Turtles of Ojai
Words: Emilie Von Unwerth
Images: Giancarlo D'Agostaro
Illustrations: Giacomo Bagnara
June 01 2016
Settled in the scenic city of Ojai, California, surrounded by the Topatopa Mountains to the north and Sulphur Mountain to the south, The Turtle Conservancy Conservation Center is home to perhaps the most docile, calm creatures on the planet.
An otherworldly oasis in central Ojai, the Conservancy made an appearance in our Go Explore lookbook. Owned and operated by restaurateur, conservationist, herpetophile and generally dope human Eric Goode, the 5-acre conservancy is home to 900 turtles and tortoises from 32 species. The Turtle Conservancy is the premiere facility for breeding Critically Endangered – the highest risk category for endangered species – turtles and tortoises in the world.
In addition to its main office in New York and the conservation breeding center in Ojai, the organization overseas multiple programs and efforts around the world. They recently accumulated about 1000 acres in South Africa for another project; they’re working with several species in Madagascar; helping with trade monitoring in Southeast Asia; and are working with a newly discovered species of Desert Tortoise in Mexico.
“Most people don’t even realize this, but turtles and tortoises are the most threatened group of vertebrates on the planet,” says Max Maurer, a research associate at the conservancy. “Turtles are pretty innocent little creatures; the only reason they’re here at this point is because we allow them to be here.”
Turtles predate humans by about 220 million years, so it comes as no shock that the creatures have an awe-inspiring effect on us. “Hanging out with the tortoises – especially here on this property – reminds everyone to slow down,” says Max. “You can get on their level, get on your knees, look down at them, and make eye contact with them. They’re just so slow, and everything is just so calm.”
The Property, with its birds, lizards, abundant flora and greenhouses scattered along the property, acts as an inherently tranquil backdrop for the work taking place at the facility.
Turtles and tortoises are adapted to very specific environments – vegetation, humidity and temperature all play a crucial role in the survival of these beings. The Conservancy staff has taken great care to mimic different biomes by equipping multiple greenhouses with varies temperatures, humidities, biota and landscapes. One greenhouse mimics the cloud forests at the top of the Thai mountains, another parodies the lowlands of Southeast Asia. Yet another simulates the arid climates in Namibia and South Africa.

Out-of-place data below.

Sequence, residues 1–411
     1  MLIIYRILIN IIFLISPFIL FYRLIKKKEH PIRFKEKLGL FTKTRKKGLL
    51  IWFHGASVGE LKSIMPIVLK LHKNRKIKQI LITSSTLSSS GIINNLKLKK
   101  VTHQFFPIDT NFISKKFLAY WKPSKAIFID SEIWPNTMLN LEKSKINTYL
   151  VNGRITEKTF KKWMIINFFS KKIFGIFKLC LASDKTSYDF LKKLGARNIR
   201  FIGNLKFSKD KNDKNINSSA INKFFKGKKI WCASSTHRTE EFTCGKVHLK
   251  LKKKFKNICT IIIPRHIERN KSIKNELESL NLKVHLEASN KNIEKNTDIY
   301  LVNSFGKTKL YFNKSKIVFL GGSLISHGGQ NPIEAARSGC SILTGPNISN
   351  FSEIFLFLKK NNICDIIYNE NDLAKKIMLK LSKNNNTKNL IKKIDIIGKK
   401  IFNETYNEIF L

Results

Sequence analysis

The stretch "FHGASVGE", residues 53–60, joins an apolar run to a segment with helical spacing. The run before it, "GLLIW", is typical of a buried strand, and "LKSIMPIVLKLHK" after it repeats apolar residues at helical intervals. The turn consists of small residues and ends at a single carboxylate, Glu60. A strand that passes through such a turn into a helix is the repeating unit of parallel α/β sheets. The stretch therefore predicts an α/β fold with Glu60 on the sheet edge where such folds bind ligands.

The goal of Ojai’s breeding center is, of course, to breed these critically endangered creatures; a third of the species housed at Ojai are on the International Union for Conservation of Nature’s Tortoise and Freshwater Turtle Specialist Group’s “Top 40 Most Endangered” list. And, because breeding species in captivity is a volatile science, the Conservancy can have success in getting the animals to mate, but many of the eggs laid aren’t fertile.
Looking at the bigger picture, though, even in the wild, numbers of new hatchlings are declining. “Climate change is a huge factor in affecting turtle populations, says Max. “The sex of the hatchling is determined by the temperature which it is incubated at, so the higher the temperatures, the more females we’re going to have.”Many of these completely defenseless species haven’t gone extinct because they’re simply lucky, explains Max. “They’re protected by some sort of cultural ideology that’s been going on for ages in some countries, but all of that is changing”
Across the globe, turtles are depicted as easygoing, patient, and wise creatures. Due to their long lifespan, slow movement, sturdiness, and wrinkled appearance, they are an emblem of longevity and stability in many cultures around the world. Their magnificence, though, makes them a coveted human target. Turtles and tortoises – whose populations have been slashed to a sliver of what they once were in recent decades – face a threefold threat of extinction: the pet trade, opportunistic consumption and traditional folk medicinal practices.
Some species of tortoise sell for up to 200 thousand dollars on the Black Market. Often times, explains Max, these turtles are snatched from Madagascar, flown through Nairobi, then through Bangkok and wind up in China, where they “sit in someone’s apartment as some sort of status symbol.” In ancient Chinese writings, turtles are often depicted as oracles, with magical healing properties found within their shell. The most prominent example of these creatures being killed for use in folk medicine is a species called the Golden Coin Turtle. Endemic to southern China, the Golden Coin Turtle is used to create Guīlínggāo, or turtle jelly. Practitioners of folk medicine grind up the shell to a powder, mix it with a variety of herbal products and serve it as jelly. This elixir is believed to help improve circulation and complexion; reduce acne; assist in muscle growth; relieve itching, and restore kidney function.
With numbers across all species continuing to decline, the Turtle Conservancy maintains the facility at Ojai to – at least partially – restore turtle and tortoise populations. The organization also promotes the protection of all endangered species through protecting the planet. Eating a more plant-based diet, being more conscious of where you spend your money and raising awareness via social media are their suggestions
To quote its missions statement, “The Turtle Conservancy envisions a world where all species of turtles and tortoises ultimately thrive in the wild.” What a wonderful world that would be.
Giancarlo D’Agostaro is a photographer based in Los Angeles.
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